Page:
Starship Congress presentations make the case for permanent moon colonization

1. Damien Turchi is a graduate of Drexel University in Mechanical and Aerospace Engineering, founder and former president of the Icarus Interstellar Drexel University Student Chapter and lead coordinator of the first Interstellar Hackathon at Starship Congress 2015 at Drexel University, PA. He is currently a director of Icarus Interstellar.

On the Development of a Permanent Lunar Settlement: A Micro-Literature Review and Suggested Action

Since the 1960s, humanity seriously discusses the idea of a permanent lunar settlement. In both academic and professional literature, many designs for an initial settlement are proposed to varying fidelity. NASA published a comprehensive review of the most promising designs in the 1990s. Recent literature is not as detailed in its scope.

This study analyzes the designs NASA considered to be of significance in the ‘90s and discusses the benefits and cons of each. In addition, several recent works are assessed. From this review, the author concludes that an initial lunar settlement is possible through further development of existing design work, but that a superior option is neither immediate nor obvious.

Selecting a single framework (or a specific hybrid of several) is critical to best funnel capital into the most promising technologies. An action path is proposed that leverages consideration of permanence and significance as feedback to clearly characterize the best design choice for initial funding. Permanence seeks to answer, ‘How can we ensure that the construction of the first lunar base is able to expand into the foreseeable future in both population and space?,’ while significance seeks to answer, ‘How can we ensure that the consequences of operating the settlement are economically beneficial to society?’ There is not much literature to answer these questions, despite the importance of the answers.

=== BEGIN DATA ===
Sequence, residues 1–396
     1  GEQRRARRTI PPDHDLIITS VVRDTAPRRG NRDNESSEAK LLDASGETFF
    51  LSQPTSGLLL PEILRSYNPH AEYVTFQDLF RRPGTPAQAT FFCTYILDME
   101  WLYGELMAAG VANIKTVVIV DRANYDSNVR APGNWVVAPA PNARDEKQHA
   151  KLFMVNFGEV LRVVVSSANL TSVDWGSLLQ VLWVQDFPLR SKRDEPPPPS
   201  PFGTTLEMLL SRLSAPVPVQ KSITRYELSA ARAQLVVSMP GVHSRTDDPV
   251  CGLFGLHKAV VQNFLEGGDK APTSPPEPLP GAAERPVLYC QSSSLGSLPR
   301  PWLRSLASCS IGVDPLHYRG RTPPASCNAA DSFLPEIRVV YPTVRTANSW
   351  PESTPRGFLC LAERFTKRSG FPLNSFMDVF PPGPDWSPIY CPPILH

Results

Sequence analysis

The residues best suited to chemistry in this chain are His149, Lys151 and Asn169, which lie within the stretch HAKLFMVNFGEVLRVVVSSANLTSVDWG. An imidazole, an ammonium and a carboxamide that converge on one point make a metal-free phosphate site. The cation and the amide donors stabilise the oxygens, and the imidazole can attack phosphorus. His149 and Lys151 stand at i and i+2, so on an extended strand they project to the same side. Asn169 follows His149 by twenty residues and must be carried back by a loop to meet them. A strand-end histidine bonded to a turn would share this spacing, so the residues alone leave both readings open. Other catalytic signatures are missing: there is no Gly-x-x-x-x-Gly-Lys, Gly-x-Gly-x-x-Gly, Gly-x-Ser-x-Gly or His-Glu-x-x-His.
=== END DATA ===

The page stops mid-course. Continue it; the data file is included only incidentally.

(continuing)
The solutions will no doubt be a culturally diverse response, considering the needs of society as a whole to serve as a safeguard for the temporal success of a permanent lunar settlement.

2. Haym Benaroya is a Professor of Mechanical and Aerospace Engineering at Rutgers University. His research interests are focused on the conceptualization and analysis of structures placed in challenging environments. These include offshore drilling structures and lunar surface structures for manned habitation. Often, the characterization of the environment is the primary challenge, as with problems of flow-induced vibration.

The Moon as the Site for Humanity’s Expansion into the Solar System and Beyond

The Moon offers numerous advantages, providing a foothold for humanity as it struggles to escape Earth’s gravity well to become a spacefaring civilization. While the battle for most has been between the Moon and Mars, the vision of the Starship Congress is beyond those, even beyond the Solar System. Here, our goal is the next star system, with a sophisticated exploration of the technologies that are needed to send a precursor robotic ship many light years from Earth.

Even with such a long-­‐term mission, the Moon remains the ideal spot to develop technologies, understand the low and microgravity space environment, assess the effects of radiation on our machines and structures, and learn how to build these so that they can self-­‐repair and be reliable in this way for decades.

We will provide a background to current thinking and the engineering and other issues regarding the Moon as a viable place for humans to begin the long journey into space.

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